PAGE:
If a director, mortgaging real estate, forges shareholder's signature – who shall be liable for damages? Shall the sole shareholder be responsible for having chosen such an unreliable director, or shall it be the bank that failed to verify the signature on a forged document?
Asser OOO lacked RUR 10 million to complete construction of a shopping mall in Armavir, while banks refused to credit it. In 2009 Asser's director – Sergey Tereskin – informed the sole shareholder – Sergey Yelizaryants – that he borrowed the money from a friend of his – Oleg Gloushenko. Construction was resumed. But already in 2010 RosSelKhozBank (RSKhB) started claiming funds from Asser and Yelizaryants found out the truth. Gloushenko actually took a credit of RUR 55 million in his name on pledge of the uncompleted shopping mall. Tereskin helped him in documenting the pledge. Since major transaction required Yelizaryants' consent, they forged his signature. 10 million of the above 55 Tereskin transferred to Asser for construction. Gloushenko was not paying under the loan and went bankrupt, the bank went through debt recovery court proceedings (RUR 82 million with interest), and execution was levied over the mall and lease rights to the land under it (RUR 88 million).
Yelizaryants tried to rescue his real estate and contested mortgage as an immoral transaction (breaching the basics of the legal order and morale). By that time Tereskin was convicted for abuse of powers. Yelizaryants attached a copy of the ruling to his claim.
RSKhB insisted that mortgage shall be preserved: it did not know and shouldn't have known that the signature was forged. All documents were in place, director was a legitimate one elected lawfully. Besides that, Yelizaryants missed the statute of limitation period: performance of the mortgage agreement commenced in 2010, while his claim appeared in 2014.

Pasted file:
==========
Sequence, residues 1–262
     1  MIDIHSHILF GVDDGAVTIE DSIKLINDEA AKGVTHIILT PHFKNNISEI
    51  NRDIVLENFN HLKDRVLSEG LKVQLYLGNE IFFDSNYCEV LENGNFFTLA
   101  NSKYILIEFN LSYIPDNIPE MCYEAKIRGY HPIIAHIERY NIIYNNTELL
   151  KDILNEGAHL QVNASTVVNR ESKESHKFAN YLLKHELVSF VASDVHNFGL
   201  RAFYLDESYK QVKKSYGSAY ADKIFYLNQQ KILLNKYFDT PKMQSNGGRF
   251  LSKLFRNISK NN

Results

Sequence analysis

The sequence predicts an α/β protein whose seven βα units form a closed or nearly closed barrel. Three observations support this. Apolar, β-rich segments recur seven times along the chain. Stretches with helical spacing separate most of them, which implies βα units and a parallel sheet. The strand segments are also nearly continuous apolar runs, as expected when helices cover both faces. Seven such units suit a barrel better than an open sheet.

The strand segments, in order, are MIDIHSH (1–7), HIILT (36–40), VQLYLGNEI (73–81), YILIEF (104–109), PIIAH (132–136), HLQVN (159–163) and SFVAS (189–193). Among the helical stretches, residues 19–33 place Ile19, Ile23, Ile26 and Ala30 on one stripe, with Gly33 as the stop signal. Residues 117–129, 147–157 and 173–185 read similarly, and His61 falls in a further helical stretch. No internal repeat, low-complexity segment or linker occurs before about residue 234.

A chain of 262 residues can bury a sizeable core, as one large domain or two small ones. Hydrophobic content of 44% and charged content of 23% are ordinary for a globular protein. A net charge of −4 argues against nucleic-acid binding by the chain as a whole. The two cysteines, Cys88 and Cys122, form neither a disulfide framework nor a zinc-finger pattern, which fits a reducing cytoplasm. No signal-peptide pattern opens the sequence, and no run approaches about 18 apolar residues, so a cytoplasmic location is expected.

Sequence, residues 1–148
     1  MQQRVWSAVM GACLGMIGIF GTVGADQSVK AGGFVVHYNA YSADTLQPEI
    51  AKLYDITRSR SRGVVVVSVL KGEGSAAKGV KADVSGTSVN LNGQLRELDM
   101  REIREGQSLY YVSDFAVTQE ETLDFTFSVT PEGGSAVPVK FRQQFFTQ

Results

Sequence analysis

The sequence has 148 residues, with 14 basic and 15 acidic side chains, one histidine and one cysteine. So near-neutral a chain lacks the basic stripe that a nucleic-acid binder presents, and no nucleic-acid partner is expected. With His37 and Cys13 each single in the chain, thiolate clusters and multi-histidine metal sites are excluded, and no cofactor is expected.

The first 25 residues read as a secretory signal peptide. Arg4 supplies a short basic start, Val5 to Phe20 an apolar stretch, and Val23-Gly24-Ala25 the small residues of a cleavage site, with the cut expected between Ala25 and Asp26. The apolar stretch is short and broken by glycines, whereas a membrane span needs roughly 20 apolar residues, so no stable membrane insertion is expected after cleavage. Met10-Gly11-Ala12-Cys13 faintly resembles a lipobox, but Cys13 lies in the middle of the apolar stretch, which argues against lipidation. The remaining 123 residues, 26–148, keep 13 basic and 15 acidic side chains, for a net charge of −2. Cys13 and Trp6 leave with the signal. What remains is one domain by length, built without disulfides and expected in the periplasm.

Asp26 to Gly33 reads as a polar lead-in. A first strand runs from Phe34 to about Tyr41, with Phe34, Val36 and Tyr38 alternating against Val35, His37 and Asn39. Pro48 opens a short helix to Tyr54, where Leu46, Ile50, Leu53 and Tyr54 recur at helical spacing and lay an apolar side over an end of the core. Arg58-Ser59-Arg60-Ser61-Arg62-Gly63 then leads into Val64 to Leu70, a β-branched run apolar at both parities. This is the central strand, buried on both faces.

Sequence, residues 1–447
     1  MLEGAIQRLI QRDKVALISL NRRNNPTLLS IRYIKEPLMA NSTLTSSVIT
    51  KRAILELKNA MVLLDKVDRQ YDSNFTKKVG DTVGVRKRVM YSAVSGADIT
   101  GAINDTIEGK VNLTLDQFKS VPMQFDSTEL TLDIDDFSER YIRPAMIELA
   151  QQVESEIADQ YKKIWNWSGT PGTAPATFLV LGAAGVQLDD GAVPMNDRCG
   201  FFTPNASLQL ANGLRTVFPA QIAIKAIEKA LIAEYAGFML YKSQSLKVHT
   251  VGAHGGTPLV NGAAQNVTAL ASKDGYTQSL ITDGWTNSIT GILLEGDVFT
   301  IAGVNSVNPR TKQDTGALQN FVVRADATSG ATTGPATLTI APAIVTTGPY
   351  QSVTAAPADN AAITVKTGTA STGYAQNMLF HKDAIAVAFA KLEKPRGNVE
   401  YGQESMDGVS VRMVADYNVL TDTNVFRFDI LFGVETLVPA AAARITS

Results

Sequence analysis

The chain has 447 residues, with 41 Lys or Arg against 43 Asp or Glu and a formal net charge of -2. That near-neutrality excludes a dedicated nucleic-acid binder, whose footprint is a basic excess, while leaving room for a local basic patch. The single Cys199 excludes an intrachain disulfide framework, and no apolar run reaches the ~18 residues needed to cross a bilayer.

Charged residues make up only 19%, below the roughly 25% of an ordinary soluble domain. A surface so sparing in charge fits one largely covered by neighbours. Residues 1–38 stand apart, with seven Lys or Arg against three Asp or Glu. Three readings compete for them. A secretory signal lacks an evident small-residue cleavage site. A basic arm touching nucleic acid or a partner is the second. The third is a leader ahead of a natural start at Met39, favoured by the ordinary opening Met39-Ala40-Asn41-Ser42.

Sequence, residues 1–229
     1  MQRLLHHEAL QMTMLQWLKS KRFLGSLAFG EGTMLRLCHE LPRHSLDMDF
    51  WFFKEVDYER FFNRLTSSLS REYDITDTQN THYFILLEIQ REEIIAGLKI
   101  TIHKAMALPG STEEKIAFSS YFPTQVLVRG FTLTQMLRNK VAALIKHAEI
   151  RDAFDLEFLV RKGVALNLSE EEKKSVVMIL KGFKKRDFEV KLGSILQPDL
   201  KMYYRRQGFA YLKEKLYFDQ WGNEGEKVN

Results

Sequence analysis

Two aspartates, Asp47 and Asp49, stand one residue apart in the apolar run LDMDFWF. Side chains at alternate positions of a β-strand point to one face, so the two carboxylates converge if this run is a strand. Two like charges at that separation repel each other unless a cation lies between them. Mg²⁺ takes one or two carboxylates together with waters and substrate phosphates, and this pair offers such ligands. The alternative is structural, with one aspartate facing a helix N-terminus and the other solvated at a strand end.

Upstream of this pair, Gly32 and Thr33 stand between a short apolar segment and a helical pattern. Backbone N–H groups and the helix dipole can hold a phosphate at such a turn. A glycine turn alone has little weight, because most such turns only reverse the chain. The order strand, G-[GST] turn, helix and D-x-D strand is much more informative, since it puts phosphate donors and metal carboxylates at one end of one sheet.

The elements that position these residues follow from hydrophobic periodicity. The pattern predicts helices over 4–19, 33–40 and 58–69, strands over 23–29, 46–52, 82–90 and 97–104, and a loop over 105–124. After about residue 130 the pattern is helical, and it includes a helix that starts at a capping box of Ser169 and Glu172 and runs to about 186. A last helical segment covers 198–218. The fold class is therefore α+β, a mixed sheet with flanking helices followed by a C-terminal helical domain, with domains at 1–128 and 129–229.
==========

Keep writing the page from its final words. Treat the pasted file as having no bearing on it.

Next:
Mortgage found void. The founder did not instruct anyone to pledge the mall, therefore damages to the company were caused by the director's actions – completion of an immoral transaction. Moreover, Yelizaryants’ signature looked obviously different from his usual ones. And this should have alerted bank's employees.
Sole shareholders usually appoint someone they trust as directors. Failure of such a trust is a risk of the shareholder, it may not be transferred on the bank. RSKhB acted in good faith, obtained full set of documents for the transaction, director was named in the state register. Mortgage itself does not threaten the basics of legal order and morale, and the transaction should have been interpreted to the benefit of preservation, not destruction.
Supreme Court rejected Yelizaryants' claims on holding the mortgage void. The only moral satisfaction for him was that Tereskin would stay in prison for long.
This is one of the most high-profile cases on secondary liability of a controlling person of a truly unprecedented amount. Sergey Pougachyov was recognized as a controlling person despite the fact that he formally was neither a shareholder nor a top manager of the bank. In order to prove the actual control, the court had to examine numerous evidence, data and documents originating from foreign jurisdictions. All of the above confirmed that it was Pougachyov at the end of the structure.All analytics